And yet, his heart still raced like it was determined to flee without him. His surroundings began to fade in and out. In and out.


The wall in front of him distorted, dimensions sliding out of proportion. The sounds of the training yard muffled, slowing and dropping in pitch.

No, no, no, no, no.

It had been seasons since he’d lost control of his powers—there was no way he was letting it happen today.


He forced himself to focus on the smooth stone beneath his fingers, the packed soil of the yard beneath his feet. To relax his clenched fists, release the tension in his shoulders.

I am here. I will not jump away.

He crouched down to grab his water flask, then took a deep swig, the crisp water sliding over his tongue, down his throat. A few stray droplets traced a chilly path down his chin.

The sleeve of his blue robe rasped against his skin as he wiped them away.

The world slowly came back into focus, sounds speeding up again. He tried to ignore the persistent chatter of the crowds of pilgrims in the Temple courtyard on the other side of the wall.

Thinking about them would just set him off again.


Matthai flinched. He hadn’t heard Jarron approach.

His trainer’s tone held the edge of someone who had already called out once or twice and was becoming concerned.

He took a deep, deep breath, then turned to face Jarron, leaning against the wall behind him, hoping it looked casual and not as if he needed the support.

Jarron’s grizzled appearance was marred by raised brows and a worried expression. “Training you too hard, Scion? With the ceremony tomorrow, perhaps we should stop for the day.”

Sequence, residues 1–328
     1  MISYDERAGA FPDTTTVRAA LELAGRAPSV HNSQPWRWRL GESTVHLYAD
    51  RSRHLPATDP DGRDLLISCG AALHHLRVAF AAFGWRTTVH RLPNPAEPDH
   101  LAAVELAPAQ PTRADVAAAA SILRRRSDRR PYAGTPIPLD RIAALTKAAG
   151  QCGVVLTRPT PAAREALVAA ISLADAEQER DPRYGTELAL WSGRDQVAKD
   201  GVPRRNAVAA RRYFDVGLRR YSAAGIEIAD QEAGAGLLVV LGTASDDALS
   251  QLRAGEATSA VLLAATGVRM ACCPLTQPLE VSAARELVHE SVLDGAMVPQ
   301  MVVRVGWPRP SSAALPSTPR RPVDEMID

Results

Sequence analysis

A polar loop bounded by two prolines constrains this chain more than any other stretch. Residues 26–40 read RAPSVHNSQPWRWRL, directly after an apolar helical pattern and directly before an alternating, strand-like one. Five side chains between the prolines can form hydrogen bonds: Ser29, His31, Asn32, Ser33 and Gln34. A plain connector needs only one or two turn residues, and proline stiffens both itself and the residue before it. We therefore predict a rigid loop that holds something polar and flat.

“I’m fine—just needed a moment.”

He couldn’t give the priests any more reason to doubt him. Besides, maybe a good spar would help burn of this anxious energy.

He took another sip, bristling as yet another transport shuttle passed overhead, then set down his flask, composing himself. Intent on returning to the yard with the quiet dignity his parents always exuded.

But then Jarron slumped against the wall, reaching for his own water flask. “I think you might have the right idea—you’re wearing this old man out today.”

Jarron wasn’t old, just one generation older than him. And he was an elite member of the Order of Protection, so there was no way he was tired. The man wasn’t even out of breath.

Matthai tried to huff a laugh, but it came out slightly strangled. “You’re taking pity on me. Don’t think I can’t see it.”

Jarron responded with an indifferent shrug, before resting his head against the wall and lazily looking up at the sky.

Matthai was grateful for the excuse to take a few more moments to recover, so he slid down the wall to sit next to him.